• The Avalon Projet Historical Documents contain digital documents relevant to the fields of Law, History, Economics, Politics, Diplomacy and Government. It is a project at Yale Law School.
    • California Heritage Digital Image Collection is an online archive of more than 30,000 images illustrating California's history and culture, from the collections of the Bancroft Library at the University of California, Berkeley. Selected from nearly two hundred individual collections, this unique resource uses the latest online archiving techniques to highlight the rich themes of California's history. The Collection is part of the Online Archive of California, a compilation of finding aids, or guides, to archival collections at more than 30 institutions.
    • Lives, the Biography Resource is an extensive, annotated collections of links to biographical resources, primary biographical source material such as images, diaries, memoirs, correspondence, interviews, oral histories, etc., and good biographical dictionaries. 

    • Making of America  a digital library of primary sources in American social history from the antebellum period through reconstruction. The collection is particularly strong in the subject areas of education, psychology, American history, sociology, religion, and science and technology.
    • North America Map Archive created by the University of Oregon contains interactive maps which show changes over time. The map collection covers maps from Territorial Expansion of the United States 1783-1898 to slavey through 1860. It requires Shockwave Plug-in to view.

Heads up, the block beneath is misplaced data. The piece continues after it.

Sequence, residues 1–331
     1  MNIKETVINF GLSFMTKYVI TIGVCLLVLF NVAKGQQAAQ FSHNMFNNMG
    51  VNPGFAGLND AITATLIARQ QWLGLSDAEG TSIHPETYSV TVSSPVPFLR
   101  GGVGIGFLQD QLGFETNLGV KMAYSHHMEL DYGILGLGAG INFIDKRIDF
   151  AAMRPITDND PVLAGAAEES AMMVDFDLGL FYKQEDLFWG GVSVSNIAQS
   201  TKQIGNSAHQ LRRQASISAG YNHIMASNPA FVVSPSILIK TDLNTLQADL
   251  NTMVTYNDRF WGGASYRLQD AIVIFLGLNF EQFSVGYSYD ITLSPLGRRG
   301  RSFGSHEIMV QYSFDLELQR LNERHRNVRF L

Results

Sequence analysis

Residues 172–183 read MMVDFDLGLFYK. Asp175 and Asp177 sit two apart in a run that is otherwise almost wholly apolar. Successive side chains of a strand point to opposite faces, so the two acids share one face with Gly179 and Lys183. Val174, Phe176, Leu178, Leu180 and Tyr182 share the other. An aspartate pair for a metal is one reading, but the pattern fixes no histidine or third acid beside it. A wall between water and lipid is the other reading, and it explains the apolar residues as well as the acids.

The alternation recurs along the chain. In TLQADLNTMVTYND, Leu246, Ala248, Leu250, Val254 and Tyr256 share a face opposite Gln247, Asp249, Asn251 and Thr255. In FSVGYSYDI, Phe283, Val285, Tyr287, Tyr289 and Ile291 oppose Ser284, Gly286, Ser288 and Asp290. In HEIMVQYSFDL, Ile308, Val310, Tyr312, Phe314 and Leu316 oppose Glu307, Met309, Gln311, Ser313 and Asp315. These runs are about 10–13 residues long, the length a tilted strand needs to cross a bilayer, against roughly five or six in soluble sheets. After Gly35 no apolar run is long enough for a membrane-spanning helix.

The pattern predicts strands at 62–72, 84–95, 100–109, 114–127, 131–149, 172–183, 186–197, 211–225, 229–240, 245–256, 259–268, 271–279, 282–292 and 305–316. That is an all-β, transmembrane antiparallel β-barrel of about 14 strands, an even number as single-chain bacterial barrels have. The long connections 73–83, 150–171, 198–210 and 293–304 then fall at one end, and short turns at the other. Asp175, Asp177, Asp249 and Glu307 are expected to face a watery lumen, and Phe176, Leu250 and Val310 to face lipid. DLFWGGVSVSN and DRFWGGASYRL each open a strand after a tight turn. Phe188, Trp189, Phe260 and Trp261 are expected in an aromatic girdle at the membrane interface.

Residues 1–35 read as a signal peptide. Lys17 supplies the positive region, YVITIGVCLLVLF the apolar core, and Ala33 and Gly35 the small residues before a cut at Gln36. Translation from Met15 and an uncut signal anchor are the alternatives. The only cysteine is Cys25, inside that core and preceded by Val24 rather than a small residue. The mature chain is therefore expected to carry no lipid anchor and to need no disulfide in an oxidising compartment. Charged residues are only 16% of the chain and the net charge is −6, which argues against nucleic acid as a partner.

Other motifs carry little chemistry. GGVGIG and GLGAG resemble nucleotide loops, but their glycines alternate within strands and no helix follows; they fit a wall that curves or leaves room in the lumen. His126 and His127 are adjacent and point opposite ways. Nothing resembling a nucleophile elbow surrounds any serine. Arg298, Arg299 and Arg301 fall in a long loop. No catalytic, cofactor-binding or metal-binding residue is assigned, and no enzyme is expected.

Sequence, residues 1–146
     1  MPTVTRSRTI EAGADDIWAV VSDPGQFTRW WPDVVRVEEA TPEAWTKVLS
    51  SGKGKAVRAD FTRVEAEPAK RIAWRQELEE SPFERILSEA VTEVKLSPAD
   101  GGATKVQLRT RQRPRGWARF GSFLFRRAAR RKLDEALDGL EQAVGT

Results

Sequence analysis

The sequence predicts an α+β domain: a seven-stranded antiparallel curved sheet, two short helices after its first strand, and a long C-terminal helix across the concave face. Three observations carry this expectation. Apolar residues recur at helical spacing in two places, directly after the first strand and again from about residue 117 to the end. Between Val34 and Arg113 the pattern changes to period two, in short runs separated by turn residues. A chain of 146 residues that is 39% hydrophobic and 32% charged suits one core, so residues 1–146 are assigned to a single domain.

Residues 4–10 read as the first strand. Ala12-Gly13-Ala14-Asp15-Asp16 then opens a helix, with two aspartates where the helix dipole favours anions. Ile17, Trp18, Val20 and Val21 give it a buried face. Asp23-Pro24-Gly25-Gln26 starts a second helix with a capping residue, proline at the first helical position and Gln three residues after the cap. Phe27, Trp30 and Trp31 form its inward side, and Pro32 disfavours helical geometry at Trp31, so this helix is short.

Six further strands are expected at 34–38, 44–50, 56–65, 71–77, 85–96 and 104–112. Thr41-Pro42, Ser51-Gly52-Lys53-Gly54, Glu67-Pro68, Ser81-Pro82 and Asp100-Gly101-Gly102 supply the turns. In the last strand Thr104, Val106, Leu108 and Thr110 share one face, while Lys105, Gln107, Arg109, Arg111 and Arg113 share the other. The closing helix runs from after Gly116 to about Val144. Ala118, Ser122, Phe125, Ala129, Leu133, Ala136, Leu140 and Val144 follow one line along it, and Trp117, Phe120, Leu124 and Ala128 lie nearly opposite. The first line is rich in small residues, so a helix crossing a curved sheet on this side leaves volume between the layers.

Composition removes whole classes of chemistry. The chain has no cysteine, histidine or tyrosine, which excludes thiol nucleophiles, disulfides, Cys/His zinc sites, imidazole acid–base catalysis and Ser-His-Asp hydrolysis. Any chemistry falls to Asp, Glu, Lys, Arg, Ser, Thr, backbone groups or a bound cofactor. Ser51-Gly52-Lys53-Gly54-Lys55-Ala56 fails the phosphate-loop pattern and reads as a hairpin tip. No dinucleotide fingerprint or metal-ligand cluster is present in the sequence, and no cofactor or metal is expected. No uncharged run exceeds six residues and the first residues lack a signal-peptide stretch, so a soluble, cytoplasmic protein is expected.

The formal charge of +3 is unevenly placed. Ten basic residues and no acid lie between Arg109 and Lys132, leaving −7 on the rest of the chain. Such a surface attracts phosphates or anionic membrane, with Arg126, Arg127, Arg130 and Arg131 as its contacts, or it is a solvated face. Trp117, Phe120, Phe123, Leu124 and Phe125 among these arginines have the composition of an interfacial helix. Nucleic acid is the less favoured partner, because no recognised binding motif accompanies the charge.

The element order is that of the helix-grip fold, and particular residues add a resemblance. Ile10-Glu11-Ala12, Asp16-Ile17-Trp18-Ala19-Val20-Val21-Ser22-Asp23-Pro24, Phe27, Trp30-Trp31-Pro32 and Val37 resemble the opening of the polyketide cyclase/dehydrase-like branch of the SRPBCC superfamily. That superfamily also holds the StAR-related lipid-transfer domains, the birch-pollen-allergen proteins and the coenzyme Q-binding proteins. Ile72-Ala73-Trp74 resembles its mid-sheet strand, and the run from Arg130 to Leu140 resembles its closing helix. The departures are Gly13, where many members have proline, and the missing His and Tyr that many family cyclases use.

• Supreme Court Decisions on Lexis/NexisFrom the Library Web's Database page, select Lexis / Nexis. It includes full text opinions of all Supreme Court cases since 1790.  In addition, all dispositions of cases that were appealed to the Supreme Court are included.

    • United States Historical Census Data contains census information about  people and economy of the U.S. for each state and county from 1790 to 1960.

    Libraries / Archives / Repositories

    • Guide to Federal Records in the National Archives of the United States is based on a paper version with the same title compiled by Robert B. Matchette et al in 1995. This version incorporates descriptive information about federal records acquired by the National Archives after the 1995 paper edition went to press, and it is regularly updated to reflect new acquisitions of federal records.
    • National Archives and Records Administration (NARA) is an independent Federal agency, is America's national recordkeeper. It houses captured German records, census records, Charters of Freedom, Congressional Records, court records, Federal Regulations, genealogy, government employment records, laws military records, presidential materials, treaties, United States Code, etc.

    • Online Archive of California is a statewide digital resource that integrates into a single, searchable database, finding aids to and digital facsimiles of the contents of primary resource collections throughout California.
    • Repositories of Primary Sources list over 4600 websites describing holdings of manuscripts, archives, rare books, historical photographs, and other primary sources for the research scholar. Access is by region or by an alphabetical index of state, province, or country. 


Created by Holly Yu
Reference Librarian and Liaison to the Department of History
University Library, CSULA